Robin Wright – 2 poems

At the Cemetery

 

I walk the grounds, read stones

with names from my mother’s

generation, Gladys, Florence, Arlene.

My mother isn’t dead. If she were,

she’d listen then.

 

Her concern no longer a boyfriend or husband

she’s trying to reconcile with or stay with

for the dresses, knickknacks, or booze. Not the one

 

who checked my homework, tore up

the paper, if one math problem was wrong

or one word misspelled. Not the one

 

who tickled me until urine ran down my leg

then laughed while I cried. Not the one

who threatened to kill my dog.

 

Screw them. Pretend Mother died,

lay a rose in front of a stone that’s worn,

trace the name with the tip of my finger,

 

pluck weeds, faded ribbons, limp stems,

as if I am that woman’s loving daughter,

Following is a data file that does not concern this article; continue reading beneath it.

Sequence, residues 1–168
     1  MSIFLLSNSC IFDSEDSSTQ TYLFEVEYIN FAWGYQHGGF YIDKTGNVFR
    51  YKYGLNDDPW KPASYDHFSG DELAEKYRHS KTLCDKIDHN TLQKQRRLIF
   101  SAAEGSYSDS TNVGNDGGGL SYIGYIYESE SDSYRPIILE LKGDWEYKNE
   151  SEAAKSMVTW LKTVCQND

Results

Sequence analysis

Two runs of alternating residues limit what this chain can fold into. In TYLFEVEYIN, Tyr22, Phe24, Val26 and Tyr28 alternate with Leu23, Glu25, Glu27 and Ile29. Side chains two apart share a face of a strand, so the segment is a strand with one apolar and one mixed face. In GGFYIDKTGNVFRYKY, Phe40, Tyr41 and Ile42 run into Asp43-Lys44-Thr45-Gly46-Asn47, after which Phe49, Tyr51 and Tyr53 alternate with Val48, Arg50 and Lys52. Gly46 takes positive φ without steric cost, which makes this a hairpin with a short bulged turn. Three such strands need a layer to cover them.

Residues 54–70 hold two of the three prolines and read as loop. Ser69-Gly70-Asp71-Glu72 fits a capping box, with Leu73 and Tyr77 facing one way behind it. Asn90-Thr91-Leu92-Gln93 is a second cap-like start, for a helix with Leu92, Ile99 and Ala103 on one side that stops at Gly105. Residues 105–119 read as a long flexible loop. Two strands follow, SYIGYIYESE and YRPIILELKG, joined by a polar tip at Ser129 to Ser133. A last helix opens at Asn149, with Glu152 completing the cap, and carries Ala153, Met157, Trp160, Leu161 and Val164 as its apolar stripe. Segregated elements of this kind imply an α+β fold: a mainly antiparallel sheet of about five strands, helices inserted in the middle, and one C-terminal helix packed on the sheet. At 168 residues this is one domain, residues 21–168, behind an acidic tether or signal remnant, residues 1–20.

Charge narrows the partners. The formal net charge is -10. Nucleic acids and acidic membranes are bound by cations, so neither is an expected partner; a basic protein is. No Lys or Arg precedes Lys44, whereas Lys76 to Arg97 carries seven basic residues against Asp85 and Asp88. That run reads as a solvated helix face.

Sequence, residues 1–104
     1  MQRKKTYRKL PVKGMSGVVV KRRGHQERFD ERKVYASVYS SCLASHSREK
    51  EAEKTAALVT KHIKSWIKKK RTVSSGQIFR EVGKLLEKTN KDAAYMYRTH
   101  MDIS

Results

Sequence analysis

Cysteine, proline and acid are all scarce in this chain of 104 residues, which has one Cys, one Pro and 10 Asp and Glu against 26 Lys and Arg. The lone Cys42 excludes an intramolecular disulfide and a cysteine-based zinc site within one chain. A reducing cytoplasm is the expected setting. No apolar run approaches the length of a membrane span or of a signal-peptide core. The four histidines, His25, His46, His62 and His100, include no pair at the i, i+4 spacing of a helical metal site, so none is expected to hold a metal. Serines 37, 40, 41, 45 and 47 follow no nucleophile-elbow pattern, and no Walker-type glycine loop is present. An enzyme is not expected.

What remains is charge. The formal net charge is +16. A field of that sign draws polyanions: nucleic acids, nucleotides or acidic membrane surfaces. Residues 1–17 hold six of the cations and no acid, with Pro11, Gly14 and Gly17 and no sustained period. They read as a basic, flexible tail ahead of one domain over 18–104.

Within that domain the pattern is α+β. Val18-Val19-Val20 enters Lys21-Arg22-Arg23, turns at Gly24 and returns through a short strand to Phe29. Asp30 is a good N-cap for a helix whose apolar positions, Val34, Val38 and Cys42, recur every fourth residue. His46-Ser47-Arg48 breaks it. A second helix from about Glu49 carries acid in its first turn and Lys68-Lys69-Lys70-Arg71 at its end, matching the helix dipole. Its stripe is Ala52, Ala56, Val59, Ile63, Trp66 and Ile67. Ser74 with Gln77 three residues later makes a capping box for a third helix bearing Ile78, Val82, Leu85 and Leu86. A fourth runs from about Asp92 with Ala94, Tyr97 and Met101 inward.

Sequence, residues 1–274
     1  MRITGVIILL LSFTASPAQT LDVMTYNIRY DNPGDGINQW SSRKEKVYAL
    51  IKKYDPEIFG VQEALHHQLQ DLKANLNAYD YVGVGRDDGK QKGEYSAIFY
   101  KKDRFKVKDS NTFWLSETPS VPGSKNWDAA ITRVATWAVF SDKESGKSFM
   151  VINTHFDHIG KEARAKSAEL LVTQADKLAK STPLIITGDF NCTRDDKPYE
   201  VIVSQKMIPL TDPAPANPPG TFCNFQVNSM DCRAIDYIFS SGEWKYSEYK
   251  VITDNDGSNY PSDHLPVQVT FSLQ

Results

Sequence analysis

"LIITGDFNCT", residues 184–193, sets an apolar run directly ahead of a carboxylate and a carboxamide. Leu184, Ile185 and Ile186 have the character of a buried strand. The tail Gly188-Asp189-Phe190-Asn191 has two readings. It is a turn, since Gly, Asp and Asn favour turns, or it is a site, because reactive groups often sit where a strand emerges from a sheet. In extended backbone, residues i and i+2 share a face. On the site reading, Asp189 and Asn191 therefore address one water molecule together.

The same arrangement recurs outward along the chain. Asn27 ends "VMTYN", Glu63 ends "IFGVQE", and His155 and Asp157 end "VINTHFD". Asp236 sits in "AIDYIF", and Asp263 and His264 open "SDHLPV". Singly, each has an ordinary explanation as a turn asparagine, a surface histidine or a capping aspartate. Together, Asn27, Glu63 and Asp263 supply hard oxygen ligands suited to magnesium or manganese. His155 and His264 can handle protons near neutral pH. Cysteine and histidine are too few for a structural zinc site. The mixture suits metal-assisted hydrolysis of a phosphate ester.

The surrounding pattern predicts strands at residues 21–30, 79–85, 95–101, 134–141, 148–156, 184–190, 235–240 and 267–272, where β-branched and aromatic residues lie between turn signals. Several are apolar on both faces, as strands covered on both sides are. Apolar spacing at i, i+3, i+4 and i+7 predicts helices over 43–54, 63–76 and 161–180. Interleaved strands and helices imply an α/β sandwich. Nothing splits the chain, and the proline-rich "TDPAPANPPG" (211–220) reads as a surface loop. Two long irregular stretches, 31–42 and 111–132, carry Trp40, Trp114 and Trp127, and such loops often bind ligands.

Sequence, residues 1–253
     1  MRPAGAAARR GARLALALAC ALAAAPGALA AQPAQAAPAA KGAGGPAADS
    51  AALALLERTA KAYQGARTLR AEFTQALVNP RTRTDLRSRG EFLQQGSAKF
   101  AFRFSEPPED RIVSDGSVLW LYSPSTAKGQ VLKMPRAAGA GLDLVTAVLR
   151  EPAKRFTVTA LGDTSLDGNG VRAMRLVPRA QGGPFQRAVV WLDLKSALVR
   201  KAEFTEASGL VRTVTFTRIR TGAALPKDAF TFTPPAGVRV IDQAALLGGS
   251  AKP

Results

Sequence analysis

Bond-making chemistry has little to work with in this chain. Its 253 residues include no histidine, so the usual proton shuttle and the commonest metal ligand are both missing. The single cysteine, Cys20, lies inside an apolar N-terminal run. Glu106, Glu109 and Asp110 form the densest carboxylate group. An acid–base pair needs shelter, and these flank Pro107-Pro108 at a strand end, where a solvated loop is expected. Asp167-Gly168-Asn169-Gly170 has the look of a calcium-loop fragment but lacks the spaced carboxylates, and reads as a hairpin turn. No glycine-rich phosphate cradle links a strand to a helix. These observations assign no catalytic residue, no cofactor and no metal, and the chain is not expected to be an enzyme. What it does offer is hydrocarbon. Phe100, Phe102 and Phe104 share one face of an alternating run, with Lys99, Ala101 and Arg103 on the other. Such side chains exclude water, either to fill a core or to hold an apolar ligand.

as if I know what her life meant

while she was alive.

 

 

🍃

 

 

Erasure

 

Friends have passed away:

Dave, Marcia, Paula, Kerry, Julie, Laura, Michael, Randy,

Places of former employment have closed:

  1. Salt Fish and Chips, Farmer’s Daughter, Tamary Management, Integra Bank

I miss:

Hot air balloons made from dry cleaning bags, margaritas at Hacienda, Payday candy bars, drum solos, cat stories

I no longer have:

Thick hair, tight skin, firm muscles

I no longer am.

 

 

🍃

 

 

Robin Wright lives in Southern Indiana. Her work has appeared in The Literary Nest, Rune BearEvent Horizon MagazineAnother Way RoundAriel ChartBindweed MagazineMuddy River Poetry Review, Indiana Voice JournalPeacock Journal,Rat’s Ass Review, and othersTwo of her poems were published in the University of Southern Indiana’s 50th anniversary anthology, Time Present, Time Past. She was a finalist in Poetry Matters’ contest for the Spring Robinson/Mahogany Red Literary Prize.

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